Thus in the field of designing and managing cities, governance and economy, we are prisoners of false obviousness, of conceptions inherited from the past, responding to the reality of society at the moment they are born but which perpetuate despite their inadequacy to current and future challenges: mechanical model of urban planning, cities’ adaptation to cars, urban sprawl, spatial separation of different functions, juxtaposition of unrelated economic activities, inflexible division of competencies between the different levels of governance, public services segmentation, mode of management and pricing systems inadequate to energy and natural resources, overconfidence in the effectiveness of the market economy, separation of role between the different players, handling problems downstream rather than upstream, illusion that problems created by the introduction of new science and new technology will be solved by more science and more technology, uniform and normative conception of cities and districts cut off of their historical and cultural roots as well as their environment, mutual ignorance between neighbouring cities and rural areas, inadequacy of the political and administrative framework to the new scale of large urban areas, inadequate financing modalities preventing from integrating future operating costs, there is no end to the consequences of the reckless responses brought to new problems, in the illusion of then being more concrete.

Also the same remarks frequently apply to trainings, either because conformism of received ideas prevents from wondering about fundamental assumptions that underpin the subject, as seen in economics; or because engineering science, managing science and social science are too cut off from each other; or because trainings do not add enough value to the back and forth between concrete case studies and conceptual reflection; or even because trainings, being too normative, are not sufficiently nourished from exchanges of international experiences.

A second limit derives from the current weakness, often observed, of exchanges of experiences. These exchanges are indeed omnipresent in the relationships that form between cities, universities, companies or professionals, but seldom shared. Yet everybody agrees that building an extensive database of case studies, of comparative experiments covering all fields of design and management of cities, would be a common good of immense value both for China and for Europe. It is well-known that discovering the responses brought to a same problem broadens the mind, helps to understand that there is a palette of solutions where we would consider bringing standardised responses. However building this case studies database is a long-term endeavour, given the diversity of angles of approach necessary to embrace cities, urbanisation and urban governance, and the juxtaposition of parallel exchanges do not act in its favour.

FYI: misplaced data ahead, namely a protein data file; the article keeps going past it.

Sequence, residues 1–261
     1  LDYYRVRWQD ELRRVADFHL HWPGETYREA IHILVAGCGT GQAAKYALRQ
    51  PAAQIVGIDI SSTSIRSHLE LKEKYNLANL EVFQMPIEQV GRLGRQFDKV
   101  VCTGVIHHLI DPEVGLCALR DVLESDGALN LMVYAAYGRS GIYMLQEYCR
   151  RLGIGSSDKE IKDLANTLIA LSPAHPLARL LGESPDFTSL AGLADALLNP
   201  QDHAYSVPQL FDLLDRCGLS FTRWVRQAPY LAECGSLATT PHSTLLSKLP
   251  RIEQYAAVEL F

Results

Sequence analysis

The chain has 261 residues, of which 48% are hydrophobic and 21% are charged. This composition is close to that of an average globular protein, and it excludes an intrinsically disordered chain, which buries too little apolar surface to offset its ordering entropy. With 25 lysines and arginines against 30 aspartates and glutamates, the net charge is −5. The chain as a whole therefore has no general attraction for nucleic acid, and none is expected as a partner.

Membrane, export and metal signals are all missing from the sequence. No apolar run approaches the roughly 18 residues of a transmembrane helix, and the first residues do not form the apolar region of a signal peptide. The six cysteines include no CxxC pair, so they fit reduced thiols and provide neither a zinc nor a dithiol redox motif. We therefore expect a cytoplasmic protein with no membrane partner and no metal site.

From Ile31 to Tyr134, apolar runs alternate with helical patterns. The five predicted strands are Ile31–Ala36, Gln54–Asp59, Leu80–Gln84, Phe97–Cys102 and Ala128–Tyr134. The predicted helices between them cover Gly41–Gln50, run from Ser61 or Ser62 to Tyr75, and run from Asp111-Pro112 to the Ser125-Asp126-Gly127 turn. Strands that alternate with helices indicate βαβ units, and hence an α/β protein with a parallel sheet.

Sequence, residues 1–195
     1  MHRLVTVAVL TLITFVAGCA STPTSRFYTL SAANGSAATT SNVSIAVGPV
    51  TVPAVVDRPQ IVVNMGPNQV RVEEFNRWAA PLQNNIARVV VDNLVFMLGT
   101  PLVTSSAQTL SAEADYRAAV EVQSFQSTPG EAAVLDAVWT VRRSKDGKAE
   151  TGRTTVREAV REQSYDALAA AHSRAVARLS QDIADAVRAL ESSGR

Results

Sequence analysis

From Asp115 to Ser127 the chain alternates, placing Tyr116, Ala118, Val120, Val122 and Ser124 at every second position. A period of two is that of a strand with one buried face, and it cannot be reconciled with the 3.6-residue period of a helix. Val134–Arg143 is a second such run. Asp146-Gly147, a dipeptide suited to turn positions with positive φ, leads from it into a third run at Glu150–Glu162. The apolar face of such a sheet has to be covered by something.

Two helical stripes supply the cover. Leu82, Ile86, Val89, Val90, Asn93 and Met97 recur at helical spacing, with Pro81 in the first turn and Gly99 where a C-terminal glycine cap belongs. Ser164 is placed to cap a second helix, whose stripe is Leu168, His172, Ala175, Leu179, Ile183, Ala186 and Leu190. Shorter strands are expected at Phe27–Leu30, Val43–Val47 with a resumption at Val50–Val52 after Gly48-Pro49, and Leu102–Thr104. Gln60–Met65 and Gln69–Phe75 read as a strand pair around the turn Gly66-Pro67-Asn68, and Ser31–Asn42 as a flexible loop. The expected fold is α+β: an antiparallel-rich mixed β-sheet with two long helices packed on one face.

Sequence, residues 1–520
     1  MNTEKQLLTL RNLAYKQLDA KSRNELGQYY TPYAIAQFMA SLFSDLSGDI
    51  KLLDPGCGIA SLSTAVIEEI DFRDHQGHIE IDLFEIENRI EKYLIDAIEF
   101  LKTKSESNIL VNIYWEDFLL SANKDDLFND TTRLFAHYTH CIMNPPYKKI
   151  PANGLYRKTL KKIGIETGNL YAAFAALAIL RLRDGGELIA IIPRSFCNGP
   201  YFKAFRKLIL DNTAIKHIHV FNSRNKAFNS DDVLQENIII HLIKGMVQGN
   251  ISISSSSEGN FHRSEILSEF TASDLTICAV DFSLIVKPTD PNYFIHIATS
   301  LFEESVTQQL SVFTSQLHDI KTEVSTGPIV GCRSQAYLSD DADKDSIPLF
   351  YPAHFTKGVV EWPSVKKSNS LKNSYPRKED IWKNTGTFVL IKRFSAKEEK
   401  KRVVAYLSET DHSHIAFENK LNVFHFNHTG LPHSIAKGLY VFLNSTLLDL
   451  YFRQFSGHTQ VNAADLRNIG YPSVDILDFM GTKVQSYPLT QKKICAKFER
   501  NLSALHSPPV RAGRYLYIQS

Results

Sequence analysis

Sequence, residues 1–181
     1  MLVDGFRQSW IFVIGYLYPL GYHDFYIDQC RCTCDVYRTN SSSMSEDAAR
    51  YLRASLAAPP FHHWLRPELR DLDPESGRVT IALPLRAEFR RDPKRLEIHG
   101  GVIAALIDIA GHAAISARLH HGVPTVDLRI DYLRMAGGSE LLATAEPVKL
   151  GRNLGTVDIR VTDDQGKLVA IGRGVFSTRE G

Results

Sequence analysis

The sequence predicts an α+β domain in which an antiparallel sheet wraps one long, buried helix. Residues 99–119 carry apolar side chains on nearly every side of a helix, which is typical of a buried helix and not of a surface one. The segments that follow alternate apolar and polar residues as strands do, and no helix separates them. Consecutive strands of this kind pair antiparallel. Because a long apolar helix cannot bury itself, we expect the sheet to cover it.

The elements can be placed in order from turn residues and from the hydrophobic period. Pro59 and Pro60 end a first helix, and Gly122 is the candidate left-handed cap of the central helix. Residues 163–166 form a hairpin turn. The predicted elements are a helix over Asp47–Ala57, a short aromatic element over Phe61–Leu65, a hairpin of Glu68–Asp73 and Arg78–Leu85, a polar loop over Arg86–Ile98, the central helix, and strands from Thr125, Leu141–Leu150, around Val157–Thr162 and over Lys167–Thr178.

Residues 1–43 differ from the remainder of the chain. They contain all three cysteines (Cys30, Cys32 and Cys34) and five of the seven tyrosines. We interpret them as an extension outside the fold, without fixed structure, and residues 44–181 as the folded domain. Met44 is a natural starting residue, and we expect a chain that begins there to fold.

There is also a lack of reflection on the proper use of such a case studies database. Yet the procedure is easy to put in words: we start from a wide diversity of concrete experiments, thus constituting as many responses to a given problem, and their comparison allows to identify common principles, common conditions of success; this identification of common principles becomes specifications for future actions, which in turn enable to explore new response. However, behind its apparent simplicity it is seldom implemented because it implies a collective, international, long-term effort that the current juxtaposition of exchange does not permit.

The challenge is then for the cooperation between China and Europe in the field of urbanisation and transition towards sustainable societies to become a wide historical process of long-term mutual learning. It is it who would allow the gradual emergence of the political and administrative elites and the body of professional capable to lead the transition. For we know that the best ideas, if not underpinned by people and networks, remain a dead letter.

4. Potential contributions of the China-Europa Forum to the challenges of the transition The China-Europa Forum (CEF) was born from the observation that the multitude of exchanges between various players of Chinese and European societies was not enough, because of its very dispersion, to lead these two societies, among the most influential in the world, to discuss together, to overcome resentments or prejudices born in ancient or in recent history, to sense a common destiny, to learn together to rise to the common future challenges. What has been said of the cooperation in the field of cities is only one of the points of application of this general observation. The China-Europa Forum is neither an institution nor a specialised tool of sectoral cooperation. Independent of public authorities, this does not mean that it is closed to them; they also have to find there a fertile working space. The Forum is a will, a state of mind, a collective think tank taking part to the invention of new forms of shared intelligence.